The transition to value-based care is about more than dollars and cents. It also requires a shift in the way doctors think about the services they provide.
“The importance is increasing on a weekly basis,” says Steven Spalding, MD, chief clinical integration and medical officer for Phoenix Children’s Hospital. And he’s not talking about good nutrition and a healthy lifestyle.
Spalding is talking about how every week, more and more medical practices are transitioning from a fee-for-service model to value-based care. That’s a good thing, he says, because the goal of value-based care is to lower healthcare costs while improving quality and outcomes.
Jason Vargas, MD, an Arizona-based pediatrician with the Phoenix Children’s Care Network, says that as payers continue to abandon the fee-for-service model in favor of value-based contracts, providing that level of care is extremely important.
“And it’s extremely important that we have the infrastructure to provide that care,” Vargas adds.
Not Unlike Disney
That infrastructure Vargas refers to starts with hiring and training the appropriate staff.
He says that from the moment a medical practice receptionist answers the phone, customer service needs to be foremost in their mind.
“Kind of like the Disney way, all along the way,” he says. “It’s an advanced level of service. Listening, showing empathy, asking how we can help them in any way.”
Spalding says healthcare is a service industry, not unlike retail or restaurants. “And for a long time I’m not sure we realized that.” But over the last five to seven years, the increasing transparency around performance and the explosion of social media has brought an understanding of the importance of focusing on the patient experience. Part of that overall experience is the value patients and their families perceive they are receiving by accessing those services.
“I think the transparency offered by social media is going to have a very significant, transformative impact on healthcare, and evaluating care delivery,” he says.
Vargas echoes those thoughts. He says that trust is critical, because with trust comes patient buy-in. Once you achieve patient buy-in, patient compliance with medication regimens will increase, which is ultimately going to increase health, which is ultimately going to decrease costs.
“And that will ultimately improve the bottom line by rewarding those incentivized value-based contracts,” Vargas says.
Training and Mindset
Both Vargas and Spalding agree that training can provide medical practice staff with the proper skillset needed to provide value-based care. But the mindset is something that needs to be present from the start.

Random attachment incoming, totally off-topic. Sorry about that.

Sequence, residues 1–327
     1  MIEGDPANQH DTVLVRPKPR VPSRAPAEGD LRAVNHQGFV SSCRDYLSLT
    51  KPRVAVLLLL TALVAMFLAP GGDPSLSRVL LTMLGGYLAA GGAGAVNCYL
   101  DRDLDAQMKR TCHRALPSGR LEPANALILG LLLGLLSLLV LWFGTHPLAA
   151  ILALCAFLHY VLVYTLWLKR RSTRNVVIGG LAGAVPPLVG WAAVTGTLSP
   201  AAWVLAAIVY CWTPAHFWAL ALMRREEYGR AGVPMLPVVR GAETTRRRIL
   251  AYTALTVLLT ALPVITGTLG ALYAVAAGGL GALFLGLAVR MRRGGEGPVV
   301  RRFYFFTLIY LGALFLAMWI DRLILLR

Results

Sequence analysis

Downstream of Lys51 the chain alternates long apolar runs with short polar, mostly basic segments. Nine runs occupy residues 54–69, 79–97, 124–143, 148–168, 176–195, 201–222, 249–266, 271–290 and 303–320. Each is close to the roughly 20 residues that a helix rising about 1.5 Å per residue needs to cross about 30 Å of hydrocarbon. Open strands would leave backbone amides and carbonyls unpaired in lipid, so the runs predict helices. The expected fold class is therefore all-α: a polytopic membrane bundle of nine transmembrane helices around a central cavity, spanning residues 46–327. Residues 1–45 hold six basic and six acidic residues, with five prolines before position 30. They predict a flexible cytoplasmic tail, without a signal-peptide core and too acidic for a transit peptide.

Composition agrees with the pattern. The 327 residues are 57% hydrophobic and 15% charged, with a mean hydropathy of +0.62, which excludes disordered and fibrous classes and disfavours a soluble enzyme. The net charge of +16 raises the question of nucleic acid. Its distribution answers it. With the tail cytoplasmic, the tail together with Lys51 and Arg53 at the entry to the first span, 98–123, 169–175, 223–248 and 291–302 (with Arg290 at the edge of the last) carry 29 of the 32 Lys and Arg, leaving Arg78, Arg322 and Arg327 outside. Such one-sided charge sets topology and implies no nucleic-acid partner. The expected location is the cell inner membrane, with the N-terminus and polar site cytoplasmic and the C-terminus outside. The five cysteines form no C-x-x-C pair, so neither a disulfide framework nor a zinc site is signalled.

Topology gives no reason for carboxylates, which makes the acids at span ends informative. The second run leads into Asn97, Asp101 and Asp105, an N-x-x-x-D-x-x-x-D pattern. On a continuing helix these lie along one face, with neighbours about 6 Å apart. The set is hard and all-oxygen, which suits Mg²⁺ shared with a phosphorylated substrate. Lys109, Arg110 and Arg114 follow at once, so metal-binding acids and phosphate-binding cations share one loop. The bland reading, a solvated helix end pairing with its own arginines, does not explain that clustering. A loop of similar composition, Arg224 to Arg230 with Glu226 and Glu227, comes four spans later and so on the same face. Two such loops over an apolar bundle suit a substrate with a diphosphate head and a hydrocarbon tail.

“When we’re interviewing, we’re looking for that personality that wants to help,” Vargas says. “But of course we’re all human, so we definitely need positive reinforcement and leading by example.”
Spalding says a lot has to do with building accountability into the healthcare facility’s system. He points to organizations that have struggled in this area and says it’s due in part to inconsistent accountability from leadership on down.
“You can hire people and teach them the skills, but then it’s a matter of being consistent and making sure they’re accountable,” Spalding says. “If we don’t have people on the care team with strong interpersonal skills where they can bond with that patient, then compliance with therapy or the medical plan is doomed from the start.”
Spalding believes that beyond hiring and training staff there are many opportunities for medical practices to provide value-based care. For starters he points to insurance companies that, for a long time, “were seen as the enemy.” But today payers have a multitude of resources available to assist practices in providing value-based care.
“They have rich data sets that talk about utilization outcomes,” he explains. “They have care coordinators and case managers. So, if you look at that as a partnership, you can start to see some real value in what you can do for the patient.”
Access options are another consideration. From patient portals and scheduling appointments online to telehealth and telemedicine consults, there are many options practices can consider to enhance the patient experience.
Can taking these steps enhance a practice’s bottom line? Spalding believes the industry is at a transition point in terms of definitively answering that question. He sees growth in value-based contracts coming out of CMS, but most healthcare professionals are still getting paid fee-for-service.
“If you really want to get into value-based care you have to change your payment model,” he says. “My philosophy would be if you’re going to make the change, make it as fast as you can. Because if you have 66% of your contract in fee-for-service and 34% in value-based care, you’ll drive yourself a little crazy.”
Spalding also cautions physicians against thinking that value-based care is just another fad.
“This is a different time and a different era, and we have different tools available,” he says. “We can now track clinical outcomes in a much more robust nature, and tie those clinical outcomes to the actuaries in the financial office. So, this isn’t going anywhere. And if you sit this one out, you’re going to get left behind.”